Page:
Page:Southern Historical Society Papers volume 23.djvu/288

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282 Southern Historical Society Papers.

band were taken back to Portland, where the excitement was terrific, and put in prison. Major Andrews, in making his report of their affair, said: " You can form but a faint idea of the excitement now existing among the citizens of Portland and vicinity. Rumor fol- lows rumor in rapid succession, and just before daylight this morn- ing (June agth) some one from the vicinity of the post went to the city with a fresh rumor, which set the whole city in a ferment. The bells were rung, and men, women, and children soon filled the streets, and were rushing hither and thither in aimless fright. I would respectfully suggest that the prisoners be sent from here as quietly and expeditiously as possible, as I do not think it safe for them to be placed in the custody of the citizens."

Lieutenant Read, in a letter written from Fort Warren to the Con- federate Secretary of the Navy, says: "As all our clothing was dis- tributed as relics to the people of Portland, I beg that you will, if possible, remit to Assistant- Pay master Nixon a sufficient sum of money to purchase my men a change of clothing."

Such is war, and men who enter into it must take the conse- quences. Read and his crew were kept in prison for a little over a year, when they were exchanged as prisoners of war.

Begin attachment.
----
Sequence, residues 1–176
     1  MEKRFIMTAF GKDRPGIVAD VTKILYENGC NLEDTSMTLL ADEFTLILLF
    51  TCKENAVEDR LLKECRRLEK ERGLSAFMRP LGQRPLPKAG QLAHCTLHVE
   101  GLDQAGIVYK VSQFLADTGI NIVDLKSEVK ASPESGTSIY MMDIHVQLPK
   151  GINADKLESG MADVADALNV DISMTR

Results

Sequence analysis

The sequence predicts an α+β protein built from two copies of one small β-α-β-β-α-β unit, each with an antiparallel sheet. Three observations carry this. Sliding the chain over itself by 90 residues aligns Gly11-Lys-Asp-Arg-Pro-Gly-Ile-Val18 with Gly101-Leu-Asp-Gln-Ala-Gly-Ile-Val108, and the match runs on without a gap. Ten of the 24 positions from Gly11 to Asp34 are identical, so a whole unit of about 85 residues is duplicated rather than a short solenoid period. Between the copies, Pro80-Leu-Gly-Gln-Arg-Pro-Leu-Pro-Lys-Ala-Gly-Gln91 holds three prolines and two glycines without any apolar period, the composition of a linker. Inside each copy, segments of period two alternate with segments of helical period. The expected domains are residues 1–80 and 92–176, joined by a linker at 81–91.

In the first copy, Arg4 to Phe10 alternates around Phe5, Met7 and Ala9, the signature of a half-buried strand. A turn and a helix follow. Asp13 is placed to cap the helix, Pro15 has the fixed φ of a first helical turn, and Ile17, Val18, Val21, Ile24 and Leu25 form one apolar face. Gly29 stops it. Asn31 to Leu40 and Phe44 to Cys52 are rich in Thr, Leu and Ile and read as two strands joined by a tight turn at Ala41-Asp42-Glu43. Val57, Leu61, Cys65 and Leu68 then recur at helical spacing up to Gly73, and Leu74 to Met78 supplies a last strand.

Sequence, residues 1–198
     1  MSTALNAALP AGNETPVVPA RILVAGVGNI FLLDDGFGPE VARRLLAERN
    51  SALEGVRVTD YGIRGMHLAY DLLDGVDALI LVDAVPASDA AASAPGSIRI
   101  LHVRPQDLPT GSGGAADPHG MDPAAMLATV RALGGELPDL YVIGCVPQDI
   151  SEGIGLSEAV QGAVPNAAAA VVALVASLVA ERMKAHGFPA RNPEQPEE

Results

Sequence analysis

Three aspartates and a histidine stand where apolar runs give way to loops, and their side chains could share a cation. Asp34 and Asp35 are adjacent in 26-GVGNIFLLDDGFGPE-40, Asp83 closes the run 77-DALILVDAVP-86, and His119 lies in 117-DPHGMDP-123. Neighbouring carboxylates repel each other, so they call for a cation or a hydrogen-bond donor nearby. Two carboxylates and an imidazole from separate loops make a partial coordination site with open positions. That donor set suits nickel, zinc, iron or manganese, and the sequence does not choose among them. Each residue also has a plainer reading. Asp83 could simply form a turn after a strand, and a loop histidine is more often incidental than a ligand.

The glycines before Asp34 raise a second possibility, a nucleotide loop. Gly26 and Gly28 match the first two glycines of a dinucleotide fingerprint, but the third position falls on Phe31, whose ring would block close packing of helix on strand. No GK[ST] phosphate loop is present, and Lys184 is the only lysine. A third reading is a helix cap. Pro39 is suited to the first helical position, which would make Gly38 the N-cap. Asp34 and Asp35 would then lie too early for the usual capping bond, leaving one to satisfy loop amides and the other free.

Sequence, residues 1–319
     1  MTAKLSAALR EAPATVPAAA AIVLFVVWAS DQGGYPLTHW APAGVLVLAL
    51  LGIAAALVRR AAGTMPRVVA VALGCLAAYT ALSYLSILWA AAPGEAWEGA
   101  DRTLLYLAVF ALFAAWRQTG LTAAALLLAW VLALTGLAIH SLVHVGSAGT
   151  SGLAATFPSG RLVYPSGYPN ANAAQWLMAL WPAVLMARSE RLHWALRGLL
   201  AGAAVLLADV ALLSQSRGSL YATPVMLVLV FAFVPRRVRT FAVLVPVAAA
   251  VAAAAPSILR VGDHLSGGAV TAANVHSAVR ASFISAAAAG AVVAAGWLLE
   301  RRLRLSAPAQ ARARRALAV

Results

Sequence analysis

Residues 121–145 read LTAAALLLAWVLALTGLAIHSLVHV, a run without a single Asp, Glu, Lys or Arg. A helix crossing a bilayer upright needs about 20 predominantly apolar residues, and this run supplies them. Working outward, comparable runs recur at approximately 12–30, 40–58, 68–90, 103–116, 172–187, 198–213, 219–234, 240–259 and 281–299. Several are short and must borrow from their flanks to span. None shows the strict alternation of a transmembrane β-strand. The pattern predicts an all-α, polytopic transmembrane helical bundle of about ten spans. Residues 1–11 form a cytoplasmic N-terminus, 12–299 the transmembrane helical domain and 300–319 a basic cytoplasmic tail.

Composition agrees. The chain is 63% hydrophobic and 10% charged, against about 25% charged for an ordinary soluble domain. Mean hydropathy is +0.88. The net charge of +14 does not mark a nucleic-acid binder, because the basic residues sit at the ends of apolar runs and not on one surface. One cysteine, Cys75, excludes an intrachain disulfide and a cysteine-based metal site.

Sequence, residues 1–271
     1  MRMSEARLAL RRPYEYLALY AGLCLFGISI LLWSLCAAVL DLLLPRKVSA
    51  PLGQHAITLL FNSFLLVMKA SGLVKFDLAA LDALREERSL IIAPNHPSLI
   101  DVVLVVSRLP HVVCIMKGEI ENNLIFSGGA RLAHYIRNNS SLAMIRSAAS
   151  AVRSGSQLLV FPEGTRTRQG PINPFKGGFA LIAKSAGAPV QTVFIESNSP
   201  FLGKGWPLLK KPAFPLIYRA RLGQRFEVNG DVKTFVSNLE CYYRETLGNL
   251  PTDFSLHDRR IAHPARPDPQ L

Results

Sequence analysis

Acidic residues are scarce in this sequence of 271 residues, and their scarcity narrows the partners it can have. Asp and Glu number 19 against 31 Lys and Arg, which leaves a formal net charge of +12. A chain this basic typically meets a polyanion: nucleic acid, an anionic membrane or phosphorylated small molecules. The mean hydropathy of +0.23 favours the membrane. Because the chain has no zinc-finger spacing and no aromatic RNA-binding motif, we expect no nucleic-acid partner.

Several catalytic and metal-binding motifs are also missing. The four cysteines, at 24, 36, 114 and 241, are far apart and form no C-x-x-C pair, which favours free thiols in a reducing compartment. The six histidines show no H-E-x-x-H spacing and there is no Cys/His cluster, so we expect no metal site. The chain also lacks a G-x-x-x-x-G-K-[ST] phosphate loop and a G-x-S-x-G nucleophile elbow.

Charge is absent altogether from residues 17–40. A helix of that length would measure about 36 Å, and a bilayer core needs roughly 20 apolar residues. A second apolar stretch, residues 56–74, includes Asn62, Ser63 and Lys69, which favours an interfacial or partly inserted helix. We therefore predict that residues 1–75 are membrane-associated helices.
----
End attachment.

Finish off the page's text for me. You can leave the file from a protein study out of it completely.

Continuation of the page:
The lessons to be drawn from this little episode of the war on the sea are many and valuable, not only to the naval officer, but to the country at large, and especially to those members of Congress who oppose an increase in the navy and never stop to think that the com- merce of the nation is the life of the nation, and that the destruction of that commerce is the clipping of the arteries of its wealth. That one small vessel, with twenty-two men and one gun, and a sailing- vessel at that, should have created such havoc and consternation in the days of steam, whilst forty-seven vessels (mostly steamers) were scouring the seas in search of her, is enough to make old Virgil rise up from his ashes and exclaim, "Mirabile didu!" But what could a modern fast cruiser of twenty-five knots, commanded by a resolute officer, and accompanied by a fast supply-vessel, do on our defence- less coast ? And how are we prepared for such an emergency in case of war with a maritime nation ? These subjects I leave to the consideration of those who have the fighting to do, and those who have to provide the fighting-machines. Sufficient is it to say that the country which has such officers as the commander of the Clar- ence-Tacony- Archer to depend on will not lean upon broken reeds.

ROBERT H. WOODS, Chief Clerk, Office Naval War Records, Washington, D. C.